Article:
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|Platform(s)||Arcade, Atari 2600, Commodore 64, MS-DOS|
|Mode(s)||Up to 2 players, alternating turns|
|Arcade system||Namco Pac-Man|
|CPU||1 × Z80 @ 3.072 MHz|
|Sound||1 × Namco WSG (3-channel mono) @ 3.072 MHz|
|Display||Vertical orientation, Raster, 224 x 288 resolution|
Jr. Pac-Man is an arcade game, released by Bally Midway on August 13, 1983. It is based on Pac-Man and its derivatives but, like Baby Pac-Man, and Pac-Man Plus, was created without the authorization of Namco. This was one of several games that eventually led to the termination of the licensing agreement between Namco and Bally Midway in 1984. Unlike prior games in the series, the maze in Jr. Pac-Man scrolls horizontally and has no escape tunnels.
The gameplay of Jr. Pac-Man is very similar to that of its predecessors: The player controls the eponymous Jr. Pac-Man (who wears an animated propeller beanie), and scores points by eating all of the dots in the maze, while four ghosts chase him around the maze and attempt to kill him. The player can eat an energizer to turn the ghosts blue, making them vulnerable for a short period of time, and allowing the player to eat them for extra points. Once the maze is cleared, a new maze is presented and the gameplay continues.
The mazes are now two times the width of the monitor and scroll horizontally. A total of seven mazes appear throughout the game, and five of them have six energizers instead of four, but none of them have tunnels that wrap around from one side of the screen to the other. As in the previous games, bonus items (such as tricycles, kites, and balloons) appear in each round, starting above the ghosts' lair and moving around the maze as in Ms. Pac-Man. As an item encounters dots, it changes them into larger dots that are worth 50 points instead of 10, but they also slow Jr. Pac-Man down more than regular dots as he eats them. If an item has been out for long enough and then encounters an energizer, it will self-destruct, taking the energizer with it. If Jr. Pac-Man should die, all larger dots will disappear from the maze, except if there are only a few left, which revert to their original smaller size.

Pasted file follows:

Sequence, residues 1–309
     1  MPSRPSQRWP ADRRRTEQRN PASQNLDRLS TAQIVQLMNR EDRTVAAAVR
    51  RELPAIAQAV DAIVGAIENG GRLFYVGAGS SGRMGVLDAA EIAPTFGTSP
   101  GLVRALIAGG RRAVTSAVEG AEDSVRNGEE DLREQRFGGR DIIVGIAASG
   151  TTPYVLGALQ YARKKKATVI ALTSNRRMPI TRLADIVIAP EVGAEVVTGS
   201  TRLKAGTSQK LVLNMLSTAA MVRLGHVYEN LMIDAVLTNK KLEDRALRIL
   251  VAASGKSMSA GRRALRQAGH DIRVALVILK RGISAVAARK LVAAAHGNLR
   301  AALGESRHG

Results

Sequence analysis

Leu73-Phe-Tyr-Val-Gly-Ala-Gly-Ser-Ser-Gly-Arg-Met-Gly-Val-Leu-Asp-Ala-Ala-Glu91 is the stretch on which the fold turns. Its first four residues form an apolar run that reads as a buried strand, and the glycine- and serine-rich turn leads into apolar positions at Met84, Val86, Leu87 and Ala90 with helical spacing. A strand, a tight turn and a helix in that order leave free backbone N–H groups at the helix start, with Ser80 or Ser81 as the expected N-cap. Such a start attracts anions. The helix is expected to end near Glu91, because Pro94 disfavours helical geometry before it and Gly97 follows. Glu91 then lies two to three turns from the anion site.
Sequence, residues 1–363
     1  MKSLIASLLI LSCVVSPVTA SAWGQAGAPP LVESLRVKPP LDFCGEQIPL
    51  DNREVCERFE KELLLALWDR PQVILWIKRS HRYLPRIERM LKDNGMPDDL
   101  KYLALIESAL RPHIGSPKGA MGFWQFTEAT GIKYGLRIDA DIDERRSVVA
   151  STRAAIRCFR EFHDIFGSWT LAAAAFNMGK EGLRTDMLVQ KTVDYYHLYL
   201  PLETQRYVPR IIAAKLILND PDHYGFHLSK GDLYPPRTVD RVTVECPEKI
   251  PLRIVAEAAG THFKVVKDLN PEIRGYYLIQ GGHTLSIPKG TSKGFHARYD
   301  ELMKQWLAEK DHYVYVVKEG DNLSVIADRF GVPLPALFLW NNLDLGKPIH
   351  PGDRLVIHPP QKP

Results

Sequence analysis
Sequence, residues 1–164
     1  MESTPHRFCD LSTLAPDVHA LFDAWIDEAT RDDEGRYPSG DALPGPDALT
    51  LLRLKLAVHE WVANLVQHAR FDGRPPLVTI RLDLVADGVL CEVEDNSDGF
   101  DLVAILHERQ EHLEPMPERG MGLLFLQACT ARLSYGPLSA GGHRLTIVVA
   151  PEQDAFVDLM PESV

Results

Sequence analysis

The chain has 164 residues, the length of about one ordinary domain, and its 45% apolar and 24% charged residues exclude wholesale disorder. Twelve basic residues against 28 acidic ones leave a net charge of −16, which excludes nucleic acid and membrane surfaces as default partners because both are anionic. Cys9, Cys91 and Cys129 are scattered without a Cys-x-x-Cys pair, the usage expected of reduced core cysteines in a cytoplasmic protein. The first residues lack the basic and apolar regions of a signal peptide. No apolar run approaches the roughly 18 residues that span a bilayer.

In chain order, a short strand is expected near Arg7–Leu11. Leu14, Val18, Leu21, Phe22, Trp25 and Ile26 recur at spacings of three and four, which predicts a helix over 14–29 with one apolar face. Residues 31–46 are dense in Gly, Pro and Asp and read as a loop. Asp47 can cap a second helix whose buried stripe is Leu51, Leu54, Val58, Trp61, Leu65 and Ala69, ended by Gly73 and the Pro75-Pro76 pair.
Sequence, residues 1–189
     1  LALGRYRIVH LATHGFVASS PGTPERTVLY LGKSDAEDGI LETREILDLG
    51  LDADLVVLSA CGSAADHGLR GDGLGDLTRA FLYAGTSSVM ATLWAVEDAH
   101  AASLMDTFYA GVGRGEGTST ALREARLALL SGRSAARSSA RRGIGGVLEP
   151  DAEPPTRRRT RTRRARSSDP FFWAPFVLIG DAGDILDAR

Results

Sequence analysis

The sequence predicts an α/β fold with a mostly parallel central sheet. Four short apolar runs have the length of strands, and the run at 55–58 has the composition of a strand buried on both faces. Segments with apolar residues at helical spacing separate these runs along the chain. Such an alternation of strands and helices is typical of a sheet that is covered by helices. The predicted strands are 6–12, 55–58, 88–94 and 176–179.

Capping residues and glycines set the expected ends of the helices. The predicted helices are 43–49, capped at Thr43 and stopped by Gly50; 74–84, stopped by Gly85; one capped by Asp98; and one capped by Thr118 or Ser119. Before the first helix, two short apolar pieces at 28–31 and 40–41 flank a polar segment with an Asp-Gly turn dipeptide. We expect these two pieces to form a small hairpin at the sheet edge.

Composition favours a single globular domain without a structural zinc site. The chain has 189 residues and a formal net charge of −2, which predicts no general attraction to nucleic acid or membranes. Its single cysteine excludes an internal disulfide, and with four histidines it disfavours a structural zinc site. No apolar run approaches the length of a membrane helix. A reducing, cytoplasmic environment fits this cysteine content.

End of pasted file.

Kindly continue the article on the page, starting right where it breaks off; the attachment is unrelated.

The game's intermissions center around the developing relationship between Jr. Pac-Man and a small red (female) ghost named Yum-Yum (who is apparently the daughter of Blinky). The ghost Clyde was renamed Tim.
An Atari 2600 version was released by Atari Corporation in 1986 with mazes that scroll vertically rather than horizontally, but is otherwise a faithful adaptation. The game was later ported to the Commodore 64 and IBM PC compatibles.
Ports for the Atari 5200 and the Atari 8-bit family were finished in 1984, but were scrapped along with Super Pac-Man when the home computing and game console divisions of Atari, Inc. were sold to Jack Tramiel.